Arthur Charles Jeston Richardson

From Wikipedia, the free encyclopedia
Jump to: navigation, search

Arthur Charles Jeston Richardson (23 February 1872 – 3 April 1939), was an Australian cyclist and mining engineer, became the first person to circumnavigate the continent of Australia on a bicycle.[1]

Early life and career[edit]

Richardson was born on 23 February 1872 at Pernambuco (Recife), Brazil, one of ten children. The family moved to Port Augusta, South Australia, while Arthur was very young. He attended Whinham College and Adelaide Collegiate School. After becoming a mining engineer, Richardson traveled the Australian gold fields looking for new strikes.[1]

Richardson decided to become the first cyclist to cross the stiflingly hot Nullarbor Plain. On 24 November 1896, Richardson left Coolgardie for Adelaide by bicycle. Carrying only a small kit and a water-bag, he followed the telegraph line, as he crossed the Nullabor. He later described the heat as "1,000 degrees in the shade". He successfully completed the journey, arriving in Adelaide thirty-one days later. As the first man to pedal the Nullabor, Richardson's ride was widely reported in Australian newspapers and periodicals of the day.

Circumnavigating Australia[edit]

In 1899 Richardson set out to be the first to ride round the Australian continent. He left Perth on 5 June 1899, heading north, carrying 25 pounds (11 kg) of gear and a pistol. Heavy rain slowed his progress in Western Australia, and later in the north, where the black-soil plains were unrideable for several days. He had to push and carry his bicycle through sand and silt, encountering hostile native inhabitants along the way. He arrived back in Perth on 4 February 1900 after travelling 11,500 miles (18,507 km). Richardson's ride was something of a race, as he beat out three other competing Australians - Alex and Frank White, and Donald Mackay, who were simultaneously attempting to circumnavigate the continent in a counter-clockwise direction from Brisbane.[1]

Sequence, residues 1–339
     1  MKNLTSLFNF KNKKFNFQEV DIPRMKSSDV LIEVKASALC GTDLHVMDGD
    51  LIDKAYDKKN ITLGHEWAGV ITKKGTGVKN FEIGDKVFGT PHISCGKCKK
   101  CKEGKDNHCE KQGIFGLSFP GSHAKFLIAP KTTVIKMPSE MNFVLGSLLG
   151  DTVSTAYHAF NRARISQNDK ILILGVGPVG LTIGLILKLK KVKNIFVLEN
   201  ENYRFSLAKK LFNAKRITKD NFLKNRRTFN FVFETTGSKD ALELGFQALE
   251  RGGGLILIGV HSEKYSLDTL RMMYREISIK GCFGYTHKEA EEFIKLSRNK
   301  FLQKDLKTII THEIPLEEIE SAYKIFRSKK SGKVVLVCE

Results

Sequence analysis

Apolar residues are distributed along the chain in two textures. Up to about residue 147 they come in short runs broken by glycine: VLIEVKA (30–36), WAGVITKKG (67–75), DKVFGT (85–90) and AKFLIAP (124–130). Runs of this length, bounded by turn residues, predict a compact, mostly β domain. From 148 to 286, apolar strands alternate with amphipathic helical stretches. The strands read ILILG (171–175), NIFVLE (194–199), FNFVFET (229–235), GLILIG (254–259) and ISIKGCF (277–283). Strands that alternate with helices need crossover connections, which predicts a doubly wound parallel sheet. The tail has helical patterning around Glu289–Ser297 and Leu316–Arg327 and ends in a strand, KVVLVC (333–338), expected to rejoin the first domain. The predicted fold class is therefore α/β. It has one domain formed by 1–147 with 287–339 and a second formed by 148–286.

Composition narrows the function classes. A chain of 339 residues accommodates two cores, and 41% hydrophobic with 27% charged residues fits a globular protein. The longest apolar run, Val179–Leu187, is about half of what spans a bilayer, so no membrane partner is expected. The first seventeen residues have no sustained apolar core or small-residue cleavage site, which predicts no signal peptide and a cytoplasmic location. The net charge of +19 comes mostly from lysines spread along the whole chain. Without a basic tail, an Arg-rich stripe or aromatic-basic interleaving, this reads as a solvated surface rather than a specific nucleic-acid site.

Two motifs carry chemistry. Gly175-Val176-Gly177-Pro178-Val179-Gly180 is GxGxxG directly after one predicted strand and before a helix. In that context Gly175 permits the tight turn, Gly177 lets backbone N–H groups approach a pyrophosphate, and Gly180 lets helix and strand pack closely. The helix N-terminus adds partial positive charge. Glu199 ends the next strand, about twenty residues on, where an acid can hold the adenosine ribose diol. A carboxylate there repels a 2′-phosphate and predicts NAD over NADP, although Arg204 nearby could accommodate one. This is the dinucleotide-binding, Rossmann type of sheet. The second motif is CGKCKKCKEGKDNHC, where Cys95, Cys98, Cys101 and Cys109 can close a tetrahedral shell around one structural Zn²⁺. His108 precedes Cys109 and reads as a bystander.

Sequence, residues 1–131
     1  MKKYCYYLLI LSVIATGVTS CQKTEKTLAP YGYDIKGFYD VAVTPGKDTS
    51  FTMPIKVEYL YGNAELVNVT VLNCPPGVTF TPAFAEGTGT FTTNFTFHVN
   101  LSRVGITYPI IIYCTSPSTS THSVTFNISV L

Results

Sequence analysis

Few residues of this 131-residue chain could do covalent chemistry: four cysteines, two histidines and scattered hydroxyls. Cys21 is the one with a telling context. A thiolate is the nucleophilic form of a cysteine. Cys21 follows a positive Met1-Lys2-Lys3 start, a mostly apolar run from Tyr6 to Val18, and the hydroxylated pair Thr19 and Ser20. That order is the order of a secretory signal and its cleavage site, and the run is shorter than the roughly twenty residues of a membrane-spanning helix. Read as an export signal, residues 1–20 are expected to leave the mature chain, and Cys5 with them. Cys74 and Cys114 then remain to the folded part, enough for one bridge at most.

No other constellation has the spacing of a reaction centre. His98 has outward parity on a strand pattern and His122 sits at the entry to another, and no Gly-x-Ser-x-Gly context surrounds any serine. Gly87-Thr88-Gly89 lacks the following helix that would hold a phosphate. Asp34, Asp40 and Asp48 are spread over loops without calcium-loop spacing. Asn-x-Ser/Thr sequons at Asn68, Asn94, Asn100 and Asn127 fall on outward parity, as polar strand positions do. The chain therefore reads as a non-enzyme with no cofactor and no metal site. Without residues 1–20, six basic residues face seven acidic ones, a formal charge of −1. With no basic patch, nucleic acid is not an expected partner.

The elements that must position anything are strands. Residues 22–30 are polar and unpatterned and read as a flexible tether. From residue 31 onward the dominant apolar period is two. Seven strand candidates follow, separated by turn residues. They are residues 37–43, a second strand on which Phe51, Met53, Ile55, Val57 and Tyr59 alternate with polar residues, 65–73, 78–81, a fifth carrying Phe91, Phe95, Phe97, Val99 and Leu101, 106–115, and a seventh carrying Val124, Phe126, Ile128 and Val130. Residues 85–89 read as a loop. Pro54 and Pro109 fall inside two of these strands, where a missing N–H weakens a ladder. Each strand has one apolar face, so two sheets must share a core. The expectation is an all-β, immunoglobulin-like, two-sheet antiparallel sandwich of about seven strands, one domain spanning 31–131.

Later life[edit]

Richardson later moved to South Africa, where he served three years with the South Australian militia before joining the 3rd (Bushmen's) Contingent, Victorian Mounted Rifle Regiment of Western Australia, destined for the Boer War. He left Fremantle, Western Australia on 13 March 1900 with a bicycle donated by a local agent for use as a dispatch rider. The contingent disembarked at Beira, Mozambique on 18 April. In June 1900 Richardson was discharged from military service at Marandellas, near Salisbury, Rhodesia, after breaking his arm.[1]

Richardson worked briefly in West Africa. He married Gwendolyn Bedwell, and moved to Chile where he worked as a mining engineer. The couple had one son while living in Chile, James Herbert. Richardson was badly wounded in World War I and spent two years in hospital at Rouen, France. He later divorced, and moved to England to work as an engineer. On 26 July 1934 he married an English widow, Rita Betsy Elliott-Druiff.[1] The couple settled in Scarborough, North Yorkshire. During this time he began showing symptoms of severe mental illness, which may have been caused by his war injuries.

Richardson died on 3 April 1939 at his home in Scarborough, North Yorkshire of a self-inflicted gunshot wound, after first shooting his wife. He was survived by James, his son from his first marriage who had remained in Chile.[1]

References[edit]

  1. ^ a b c d e f Fitzpatrick, Jim, Richardson, Arthur Charles Jeston (1872 - 1939), Australian Dictionary of Biography, Volume 11, Melbourne University Press (1988), p. 379

Bibliography[edit]

  • Fitzpatrick, Jim, The Bicycle and the Bush: a study of the bicycle in rural Australia, Melbourne: Oxford University Press (1980)
  • Fitzpatrick, Jim, Richardson, Arthur Charles Jeston (1872 - 1939), Australian Dictionary of Biography, Volume 11, Melbourne University Press (1988)
  • Richardson, Arthur C.J., The Story Of A Remarkable Ride, The Dunlop Tyre Co. Of Australia (1900)